Biogrophy Of Dostoevsky Essay, Research Paper
Fyodor Dostoevsky drew upon his many hardships and life experiences in order to instill a sense of realism and truth into the novel Crime and Punishment. He bases many of the characters in the novel on his own life. By incorporating his own life challeges into the novel, there is a greater sense of personal reflection and emotional honesty. This is what brings the story to life.
Perhaps one of the greatest occurences that influenced the writing of Crime and Punishment was the death of Dostoevsky’s father. His father was a former army doctor who was murdered by serfs. Although his father had been an alcoholic, and abused Dostoevsky both mentally and physically, this loss hit him hard. This tragedy greatly affected Dostoevsky, who became secluded and isolated. He turned his anger inside himself, and suffered greatly thoughout his childhood for it. With lack of a father figure to guide him, Dostoevsky was raised by his mother in a devoutly religious home. However, Dostoevsky could not understand how a compassionate God could exist in a world of such great suffering. He soon turned his back on religion and was led astray of his mother’s teachings. The anger that he felt towards God for taking his father away from him is evident in the character Raskolnikov. Raskolnikov, like Dostoevsky, does not understand how a loving God can bring so much suffering to the world. The childhood suffering of having only one parent is also demonstrated by Adelaida Ivanovna, who “left the house and ran away from Fyodor Pavlovich with a destitute divinity student, leaving Mitya, a child of three years old, in her husband’s hands.” Dostoevsky felt abandoned by his father, much like Mitya was abandoned by her mother.
In 1838 Dostoevsky entered an Engineering Academy as an army cadet. While he was in the service, he was extremely lonely. He had no friends, and suffered from severe depression. He despised the army, and this made him despise all forms of the government, including the Russian Orthodox Church. His lonliness during this period is parallel to the lonlieness that Raskolnikov faces in the novel Crime and Punishment. Technical studies and the army greatly bored him. While he was in the army, he decided to become a writer, because he could express himself freely. In 1844 Dostoevsky finally decided to resign from the army to pursue this newfound love of writing.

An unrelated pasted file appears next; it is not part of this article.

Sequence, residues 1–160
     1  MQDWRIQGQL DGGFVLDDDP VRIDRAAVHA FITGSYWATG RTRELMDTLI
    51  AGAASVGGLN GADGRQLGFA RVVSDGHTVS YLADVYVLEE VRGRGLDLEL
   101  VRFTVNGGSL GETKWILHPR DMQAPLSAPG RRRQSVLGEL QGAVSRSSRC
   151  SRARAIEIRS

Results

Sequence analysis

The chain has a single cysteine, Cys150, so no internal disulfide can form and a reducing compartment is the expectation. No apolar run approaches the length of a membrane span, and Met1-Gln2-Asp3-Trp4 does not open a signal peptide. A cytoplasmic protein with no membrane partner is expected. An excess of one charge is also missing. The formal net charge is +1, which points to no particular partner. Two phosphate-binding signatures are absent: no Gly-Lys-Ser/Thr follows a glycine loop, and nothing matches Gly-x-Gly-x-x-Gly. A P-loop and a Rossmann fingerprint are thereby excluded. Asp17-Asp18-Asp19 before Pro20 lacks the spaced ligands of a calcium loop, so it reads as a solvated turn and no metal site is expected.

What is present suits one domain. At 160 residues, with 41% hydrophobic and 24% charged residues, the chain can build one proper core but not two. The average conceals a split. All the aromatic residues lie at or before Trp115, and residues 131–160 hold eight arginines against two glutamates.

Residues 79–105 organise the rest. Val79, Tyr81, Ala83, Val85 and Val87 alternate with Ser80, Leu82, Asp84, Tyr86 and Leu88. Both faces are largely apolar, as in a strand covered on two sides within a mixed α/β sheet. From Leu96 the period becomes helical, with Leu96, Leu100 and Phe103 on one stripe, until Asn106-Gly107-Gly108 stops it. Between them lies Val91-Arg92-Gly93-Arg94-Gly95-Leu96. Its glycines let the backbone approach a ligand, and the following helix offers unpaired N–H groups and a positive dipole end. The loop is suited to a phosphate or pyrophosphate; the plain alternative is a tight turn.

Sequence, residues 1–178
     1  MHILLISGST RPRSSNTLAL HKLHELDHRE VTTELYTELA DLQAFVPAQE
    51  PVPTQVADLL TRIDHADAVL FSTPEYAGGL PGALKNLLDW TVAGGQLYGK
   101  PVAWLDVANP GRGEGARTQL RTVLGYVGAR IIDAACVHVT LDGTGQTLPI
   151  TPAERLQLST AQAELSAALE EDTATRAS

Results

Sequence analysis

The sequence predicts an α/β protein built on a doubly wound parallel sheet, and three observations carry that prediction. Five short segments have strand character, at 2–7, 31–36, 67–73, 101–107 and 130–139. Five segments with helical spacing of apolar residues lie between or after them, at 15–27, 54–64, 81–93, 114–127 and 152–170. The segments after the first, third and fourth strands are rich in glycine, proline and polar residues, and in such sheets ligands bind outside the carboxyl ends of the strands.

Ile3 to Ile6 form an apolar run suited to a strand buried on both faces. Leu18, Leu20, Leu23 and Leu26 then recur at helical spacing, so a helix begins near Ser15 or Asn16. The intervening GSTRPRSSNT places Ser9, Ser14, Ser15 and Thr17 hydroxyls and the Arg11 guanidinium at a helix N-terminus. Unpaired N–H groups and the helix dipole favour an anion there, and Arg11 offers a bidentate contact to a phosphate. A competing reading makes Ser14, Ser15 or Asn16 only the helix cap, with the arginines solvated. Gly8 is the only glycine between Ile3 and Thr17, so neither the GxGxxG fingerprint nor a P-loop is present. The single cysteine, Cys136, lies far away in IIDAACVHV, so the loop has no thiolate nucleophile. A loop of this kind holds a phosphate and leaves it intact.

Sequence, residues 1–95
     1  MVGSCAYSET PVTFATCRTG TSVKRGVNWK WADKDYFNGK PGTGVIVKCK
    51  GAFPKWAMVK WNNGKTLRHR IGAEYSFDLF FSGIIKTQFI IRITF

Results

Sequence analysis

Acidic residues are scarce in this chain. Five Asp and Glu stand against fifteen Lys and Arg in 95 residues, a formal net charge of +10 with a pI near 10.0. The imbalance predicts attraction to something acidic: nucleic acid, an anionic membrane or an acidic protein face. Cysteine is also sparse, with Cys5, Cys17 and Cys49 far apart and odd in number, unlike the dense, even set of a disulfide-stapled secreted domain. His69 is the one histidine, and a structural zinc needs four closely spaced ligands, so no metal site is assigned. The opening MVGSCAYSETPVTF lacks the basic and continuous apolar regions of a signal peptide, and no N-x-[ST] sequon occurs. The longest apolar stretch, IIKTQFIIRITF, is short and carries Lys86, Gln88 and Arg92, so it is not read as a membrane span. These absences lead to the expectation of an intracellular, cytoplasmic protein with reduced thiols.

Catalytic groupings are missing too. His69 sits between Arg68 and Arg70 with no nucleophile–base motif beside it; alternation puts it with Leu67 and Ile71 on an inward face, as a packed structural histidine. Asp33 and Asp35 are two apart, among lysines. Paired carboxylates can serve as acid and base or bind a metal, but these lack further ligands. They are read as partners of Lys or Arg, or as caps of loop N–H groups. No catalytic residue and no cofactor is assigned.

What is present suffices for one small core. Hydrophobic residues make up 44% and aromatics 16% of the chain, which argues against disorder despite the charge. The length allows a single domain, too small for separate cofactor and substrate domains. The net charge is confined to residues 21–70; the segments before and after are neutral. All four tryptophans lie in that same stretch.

Soon after leaving the army, Dostoevsky became heavily involved in a literary group called the Petrashevsky Circle, otherwise known as the Durov Circle. This group met in private to discuss outlawed literature and express their views on Christianity. They also read French socialist theories that were prohibited in Russia. In 1849 Dostoevsky was arrested for his involvement in this group. He was first sentenced to prison where he served several years, then he was moved to a harsh exile camp in Siberia. Later he was sentenced to death. While he was in prison, he was only allowed to read the bible. Because of this, his faith in the Christian religion was restored, and he once again remembered how his mother had raised him. Ten minutes before Dostoevsky was to be executed, he was pardoned and released. This act had a great influence on Dostoevsky’s life, because it made him appreciate life in general. It also reminded him that man is mortal. This was one of the most religious experiences of his life. In the novel Crime and Punishment, Raskolnikov suffers throughout the course of the story until he relizes the truth to Christianity. This is the same as Dostoevsky, because he felt like he suffered until he accepted the Christian religion. Also, similar to Dostoevsky, Raskolnikov was sentenced to exile in Siberia.
During this period of exile, the hard labor and stress Dostoevsky was exposed to led him to develop epilepsy. He suffered from this disease for the rest of his life. His experiences with this illness influenced his writing in many ways. The most obvious way is that the character Raskolnikov develops an illness for several days after he completes the murders. Dostoevsky used his own downfalls and low points to demonstrate the sickness of Raskolnikov.
In 1859, Dostoevsky returned to St. Petersburg with a young widow whom he ended up marrying. At the beginning of their relationship, he was happy, but things turned quickly sour. His dream of the perfect wife was soon shattered, as was his belief in love. Dostoevsky used a lot of the same problems with his wife as a basis for the problems that Raskolnikov faced with Sonia. Stuck in an unhappy and loveless marriage, Dostoevsky began the major phase of his literary career.
In 1864, after a long illness, Dostoevsky’s wife passed away. This death was once again hard on him. Not only did he mourn the passing of his wife, but in that same year his brother, Mikhayl, also passed away. Mikhayl had lots of financial difficulties and debts when he died, and Dostoevsky was forced to assume them. This led to him becoming destitute. In Crime and Punishment, Raskolnikov is also faced with the same problem of being poor. He struggles to find enough to eat. This was the same thing that Dostoevsky went through. He decided to express his views and experiences being destitute through Raskolnikov.
Every great writer incorporates his or her own life experiences into their work. Dostoevsky was no exception to this rule. Because Dostoevsky based many of the main theme elements and character traits on himself, Crime and Punishment was a book of realism.